Total Factor Productivity
Total factor productivity (TFP) is the portion of output not explained by the amount of inputs used in production. This article sets out the measurement and importance of TFP for growth, fluctuations and development as well as likely future directions of research.
KeywordsEndogenous growth Innovation Patents Real business cycles Research and development Solow residual Technology Total factor productivity
I thank Steven Durlauf for helpful comments.
- Aghion, P., Comin, D., and P. Howitt. 2006. When does domestic saving matter for economic growth? Working Paper No. 12275. Cambridge, MA: NBER.Google Scholar
- Alfaro, L., Chanda, A., Kalemi-Ozcan, S., and S. Sayek. 2006. How does foreign direct investment promote economic growth? Exploring the effects of financial markets on linkages. Working Paper No. 12522. Cambridge, MA: NBER.Google Scholar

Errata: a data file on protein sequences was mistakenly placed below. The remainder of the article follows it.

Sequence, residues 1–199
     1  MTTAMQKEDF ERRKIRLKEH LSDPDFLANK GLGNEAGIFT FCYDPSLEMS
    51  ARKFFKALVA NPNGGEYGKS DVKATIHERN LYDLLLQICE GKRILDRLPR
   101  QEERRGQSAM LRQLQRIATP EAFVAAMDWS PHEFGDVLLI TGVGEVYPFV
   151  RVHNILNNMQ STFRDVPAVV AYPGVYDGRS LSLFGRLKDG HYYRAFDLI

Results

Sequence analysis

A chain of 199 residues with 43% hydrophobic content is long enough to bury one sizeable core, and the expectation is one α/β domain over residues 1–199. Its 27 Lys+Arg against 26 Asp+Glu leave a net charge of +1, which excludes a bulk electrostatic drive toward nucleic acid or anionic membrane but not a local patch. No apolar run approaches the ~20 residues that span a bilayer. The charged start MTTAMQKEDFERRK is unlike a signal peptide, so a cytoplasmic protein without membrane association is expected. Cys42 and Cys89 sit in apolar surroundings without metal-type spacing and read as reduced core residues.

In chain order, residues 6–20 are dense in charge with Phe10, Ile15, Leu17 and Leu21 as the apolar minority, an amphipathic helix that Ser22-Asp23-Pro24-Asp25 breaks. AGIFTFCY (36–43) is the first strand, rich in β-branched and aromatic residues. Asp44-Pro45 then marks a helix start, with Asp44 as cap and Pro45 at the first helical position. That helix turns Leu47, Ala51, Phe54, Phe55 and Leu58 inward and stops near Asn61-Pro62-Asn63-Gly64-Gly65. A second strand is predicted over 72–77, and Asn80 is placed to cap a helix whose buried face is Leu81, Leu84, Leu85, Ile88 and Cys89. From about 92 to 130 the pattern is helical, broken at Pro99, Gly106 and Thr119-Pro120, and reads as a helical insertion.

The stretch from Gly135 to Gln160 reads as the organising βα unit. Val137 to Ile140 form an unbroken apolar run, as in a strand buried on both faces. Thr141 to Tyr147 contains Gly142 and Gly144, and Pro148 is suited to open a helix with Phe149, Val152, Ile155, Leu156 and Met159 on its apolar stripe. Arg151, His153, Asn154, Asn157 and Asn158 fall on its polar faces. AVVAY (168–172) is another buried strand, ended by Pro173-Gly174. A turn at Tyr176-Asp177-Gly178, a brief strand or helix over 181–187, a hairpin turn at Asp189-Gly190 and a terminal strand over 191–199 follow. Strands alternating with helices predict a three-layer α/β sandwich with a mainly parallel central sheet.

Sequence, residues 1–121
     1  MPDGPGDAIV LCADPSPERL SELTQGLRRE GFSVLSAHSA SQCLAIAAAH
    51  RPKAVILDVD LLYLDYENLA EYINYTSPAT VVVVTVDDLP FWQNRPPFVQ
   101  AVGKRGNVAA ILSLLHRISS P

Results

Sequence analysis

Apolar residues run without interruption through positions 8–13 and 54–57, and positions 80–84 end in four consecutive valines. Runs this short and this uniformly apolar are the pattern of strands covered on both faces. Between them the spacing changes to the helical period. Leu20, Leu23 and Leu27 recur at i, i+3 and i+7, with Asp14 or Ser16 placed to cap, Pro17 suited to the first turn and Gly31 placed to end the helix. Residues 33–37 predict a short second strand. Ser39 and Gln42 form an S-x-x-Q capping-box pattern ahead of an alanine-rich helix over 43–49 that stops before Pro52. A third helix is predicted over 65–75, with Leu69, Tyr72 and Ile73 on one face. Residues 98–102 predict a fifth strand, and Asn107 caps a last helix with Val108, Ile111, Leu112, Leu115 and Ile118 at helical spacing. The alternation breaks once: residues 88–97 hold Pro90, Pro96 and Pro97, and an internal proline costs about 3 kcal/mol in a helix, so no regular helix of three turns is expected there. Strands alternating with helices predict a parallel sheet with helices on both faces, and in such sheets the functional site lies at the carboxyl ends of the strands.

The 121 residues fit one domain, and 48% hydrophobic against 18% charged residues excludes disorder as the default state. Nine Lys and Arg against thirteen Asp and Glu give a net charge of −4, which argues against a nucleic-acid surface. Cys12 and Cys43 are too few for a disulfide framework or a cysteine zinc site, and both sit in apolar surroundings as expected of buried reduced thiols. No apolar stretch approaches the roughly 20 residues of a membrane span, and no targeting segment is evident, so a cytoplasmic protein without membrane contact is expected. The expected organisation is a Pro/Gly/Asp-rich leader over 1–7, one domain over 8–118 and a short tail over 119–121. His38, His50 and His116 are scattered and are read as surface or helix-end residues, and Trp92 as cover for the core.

- Boldrin, M., and D. Levine. 2000. Growth under perfect competition. Los Angeles: Mimeo, UCLA.Google Scholar
- Burnside, C., M. Eichenbaum, and S. Rebelo. 1995. Capital utilization and returns to scale. In NBER macroeconomics annual, ed. B.S. Bernanke and J.J. Rotemberg. Cambridge, MA: MIT Press.Google Scholar
- Comin, D., and S. Mulani. 2006. A theory of growth and volatility at the aggregate and firm level. Working Paper No. 11503. Cambridge, MA: NBER.Google Scholar
- Comin, D., Hobijn, B., and E. Rovito. 2006. Five facts you need to know about technology diffusion. Working Paper No. 11928. Cambridge, MA: NBER.Google Scholar
- King, R., and S. Rebelo. 1999. Resuscitating real business cycles. In Handbook of macroeconomics, vol. 1B, ed. J.B. Taylor and M. Woodford. Amsterdam: North-Holland.Google Scholar
- Klenow, P., and A. Rodriguez-Clare. 1997. The neoclassical revival in growth economics: Has it gone too far. In NBER macroeconomics annual, ed. B. Bernanke and J. Rotemberg. Cambridge, MA: MIT Press.Google Scholar